How low rates are driving consumer choice
The low rate environment is driving sizeable shifts in consumer demand for deposits and lending underpinned by the rate differentials between these two types of products.
The year was 2019, the month was June, after 34 consecutive months of no change, the Reserve Bank of Australia (RBA) cut the cash rate by 0.25 per cent to 1.25 per cent.
“The Board took this decision to support employment growth and provide greater confidence that inflation will be consistent with the medium-term target,” RBA governor Philip Lowe said at the time.
Since then and as the health pandemic unfolded, Australia’s central bank has decreased the cash rate 4 more times and it now stands at 0.25 per cent.
Given the flow-on effect the cash rate has on the way banks price and the dualistic nature of the products they offer i.e. deposits vs lending, RFi Group research has found a shift in demand across lending and deposits.
A product that has seen a sizeable decrease in demand has been the term deposit. It comes at a time when the interest rates offered between term deposits and savings accounts has increasingly narrowed since the start of the RBA’s easing of monetary policy.
Crunching the numbers, Canstar identified a gradual compression of rates. With the cash rate at 0.25 per cent, the savings account average is now 0.41 per cent higher and the term deposit average is 0.65 per cent above the cash rate.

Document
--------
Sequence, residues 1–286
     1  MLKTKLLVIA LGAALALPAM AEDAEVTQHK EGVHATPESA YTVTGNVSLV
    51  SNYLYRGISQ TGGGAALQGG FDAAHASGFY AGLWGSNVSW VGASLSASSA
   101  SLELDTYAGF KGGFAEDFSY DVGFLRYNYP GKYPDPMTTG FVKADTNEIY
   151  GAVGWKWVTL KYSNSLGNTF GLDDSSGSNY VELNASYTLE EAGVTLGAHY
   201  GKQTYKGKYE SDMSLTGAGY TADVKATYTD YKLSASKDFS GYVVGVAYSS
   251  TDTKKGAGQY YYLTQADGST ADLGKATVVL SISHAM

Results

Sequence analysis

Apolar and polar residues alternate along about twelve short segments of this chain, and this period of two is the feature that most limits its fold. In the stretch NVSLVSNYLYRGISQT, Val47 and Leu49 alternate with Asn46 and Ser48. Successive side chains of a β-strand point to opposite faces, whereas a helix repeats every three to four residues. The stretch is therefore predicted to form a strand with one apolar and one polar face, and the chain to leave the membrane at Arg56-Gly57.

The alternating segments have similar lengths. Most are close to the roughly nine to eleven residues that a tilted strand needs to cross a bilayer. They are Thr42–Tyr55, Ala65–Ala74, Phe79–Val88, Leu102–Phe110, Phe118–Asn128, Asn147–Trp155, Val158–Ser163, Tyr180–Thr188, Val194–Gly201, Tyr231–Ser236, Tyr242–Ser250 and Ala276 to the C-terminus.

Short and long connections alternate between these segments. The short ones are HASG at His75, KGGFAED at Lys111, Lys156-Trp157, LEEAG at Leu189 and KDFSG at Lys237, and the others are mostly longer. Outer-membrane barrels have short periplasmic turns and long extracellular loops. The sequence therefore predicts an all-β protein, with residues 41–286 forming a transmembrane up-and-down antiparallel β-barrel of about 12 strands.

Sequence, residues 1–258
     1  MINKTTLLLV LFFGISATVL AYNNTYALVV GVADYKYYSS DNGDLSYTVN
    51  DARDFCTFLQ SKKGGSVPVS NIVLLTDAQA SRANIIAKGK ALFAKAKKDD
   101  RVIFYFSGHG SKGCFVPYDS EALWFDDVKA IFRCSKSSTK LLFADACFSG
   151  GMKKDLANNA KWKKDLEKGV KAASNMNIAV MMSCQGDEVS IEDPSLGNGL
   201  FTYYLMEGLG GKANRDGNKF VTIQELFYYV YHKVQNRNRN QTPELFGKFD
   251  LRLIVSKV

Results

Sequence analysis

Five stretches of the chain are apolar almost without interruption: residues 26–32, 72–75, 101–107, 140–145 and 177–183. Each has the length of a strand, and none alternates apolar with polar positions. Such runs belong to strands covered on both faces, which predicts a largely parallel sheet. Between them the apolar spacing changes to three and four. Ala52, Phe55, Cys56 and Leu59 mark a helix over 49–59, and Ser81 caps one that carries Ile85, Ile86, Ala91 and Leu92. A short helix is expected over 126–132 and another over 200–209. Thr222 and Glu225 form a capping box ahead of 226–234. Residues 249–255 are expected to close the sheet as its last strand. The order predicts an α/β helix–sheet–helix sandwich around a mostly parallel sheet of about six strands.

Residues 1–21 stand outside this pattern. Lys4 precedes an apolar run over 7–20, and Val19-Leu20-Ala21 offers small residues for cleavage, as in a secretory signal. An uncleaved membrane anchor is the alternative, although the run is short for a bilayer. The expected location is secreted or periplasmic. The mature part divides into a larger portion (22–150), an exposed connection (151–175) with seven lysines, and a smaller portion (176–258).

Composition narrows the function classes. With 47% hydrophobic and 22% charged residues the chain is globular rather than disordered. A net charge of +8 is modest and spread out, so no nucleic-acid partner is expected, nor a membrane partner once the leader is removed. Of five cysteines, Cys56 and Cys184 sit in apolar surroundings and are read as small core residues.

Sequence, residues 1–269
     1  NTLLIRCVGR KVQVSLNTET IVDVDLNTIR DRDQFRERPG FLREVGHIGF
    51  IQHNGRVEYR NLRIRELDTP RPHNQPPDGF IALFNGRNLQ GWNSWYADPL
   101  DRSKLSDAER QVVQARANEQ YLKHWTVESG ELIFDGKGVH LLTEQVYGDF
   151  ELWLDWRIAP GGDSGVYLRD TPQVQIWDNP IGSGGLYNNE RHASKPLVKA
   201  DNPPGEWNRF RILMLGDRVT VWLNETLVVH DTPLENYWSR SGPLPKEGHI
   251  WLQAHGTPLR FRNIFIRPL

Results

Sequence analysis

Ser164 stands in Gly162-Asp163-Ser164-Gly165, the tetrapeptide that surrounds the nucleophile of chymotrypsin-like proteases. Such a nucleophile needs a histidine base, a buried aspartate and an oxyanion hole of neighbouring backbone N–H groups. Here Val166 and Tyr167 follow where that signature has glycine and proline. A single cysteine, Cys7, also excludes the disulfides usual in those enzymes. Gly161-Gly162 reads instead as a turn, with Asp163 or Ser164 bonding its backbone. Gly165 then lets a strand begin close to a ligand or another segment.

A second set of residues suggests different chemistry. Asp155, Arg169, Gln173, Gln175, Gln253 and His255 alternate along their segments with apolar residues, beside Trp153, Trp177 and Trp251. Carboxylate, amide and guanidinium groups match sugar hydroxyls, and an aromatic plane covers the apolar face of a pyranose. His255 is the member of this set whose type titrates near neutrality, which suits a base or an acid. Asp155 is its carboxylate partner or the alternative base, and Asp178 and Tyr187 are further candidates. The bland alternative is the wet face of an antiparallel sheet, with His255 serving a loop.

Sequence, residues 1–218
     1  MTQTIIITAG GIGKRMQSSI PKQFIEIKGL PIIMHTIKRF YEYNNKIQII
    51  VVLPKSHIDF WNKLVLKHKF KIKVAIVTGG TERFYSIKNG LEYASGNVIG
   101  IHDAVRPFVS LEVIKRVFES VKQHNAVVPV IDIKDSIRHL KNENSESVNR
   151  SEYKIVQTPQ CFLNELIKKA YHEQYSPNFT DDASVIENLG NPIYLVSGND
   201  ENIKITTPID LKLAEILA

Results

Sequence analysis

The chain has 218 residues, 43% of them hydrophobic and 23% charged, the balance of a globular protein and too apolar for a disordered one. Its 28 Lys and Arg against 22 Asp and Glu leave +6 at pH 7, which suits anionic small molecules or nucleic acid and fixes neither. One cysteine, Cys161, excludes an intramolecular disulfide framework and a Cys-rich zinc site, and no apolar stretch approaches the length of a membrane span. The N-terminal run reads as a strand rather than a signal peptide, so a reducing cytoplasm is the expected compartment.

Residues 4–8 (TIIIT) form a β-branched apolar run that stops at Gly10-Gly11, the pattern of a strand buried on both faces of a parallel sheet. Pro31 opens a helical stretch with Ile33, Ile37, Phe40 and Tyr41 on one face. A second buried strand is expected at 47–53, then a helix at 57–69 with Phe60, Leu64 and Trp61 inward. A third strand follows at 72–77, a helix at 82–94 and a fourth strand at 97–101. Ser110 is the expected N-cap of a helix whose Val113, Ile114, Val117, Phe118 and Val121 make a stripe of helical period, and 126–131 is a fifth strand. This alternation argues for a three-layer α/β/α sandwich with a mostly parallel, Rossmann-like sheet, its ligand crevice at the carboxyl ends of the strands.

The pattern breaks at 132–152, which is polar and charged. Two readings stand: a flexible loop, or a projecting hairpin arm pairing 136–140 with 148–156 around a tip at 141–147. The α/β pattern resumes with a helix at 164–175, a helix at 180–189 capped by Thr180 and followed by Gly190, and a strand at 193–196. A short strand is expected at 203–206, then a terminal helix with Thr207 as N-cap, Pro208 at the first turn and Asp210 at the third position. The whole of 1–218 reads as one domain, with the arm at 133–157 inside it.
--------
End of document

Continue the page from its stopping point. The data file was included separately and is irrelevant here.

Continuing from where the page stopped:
Furthermore, Steve Mickenbecker, Canstar’s finance expert recently stated that “the data confirms that through the RBA easing cycle term depositors have been the big losers, contributing more than their share to banks' margin management”.
According to RFi Group data consumers demand for savings account has overtaken the demand for term deposits.
Source: RFi Group
There is also some evidence that consumers are recognising this potential loss they may face from this interest rate differential as highlighted by Mickenbecker.
Since the latest cash rate was cut, RFi Group data suggests that there was 12 per cent decline in the proportion of consumers who held a term deposit.
From a lending perspective, there hasn’t been a sizeable increase in the intention to take a new mortgage despite the multiple rate cuts.
However, an area where there has been strong growth is the refinancing market.
RFi Group suggests that the gap between refinancing intention and actual refinancing has narrowed over the June quarter, driven by an increase in the proportion who have refinanced in the last 12 months.
Source: RFi Group
Interestingly latest data from both APRA and the industry has revealed solid increase in mortgage refinancing.
Given the coronavirus induced recession we find ourselves in currently, RBA’s monetary policy decision going forward is likely to play a heightened role on consumers demand for banking products.
Nitish Bhatt is a lead analyst with RFi Group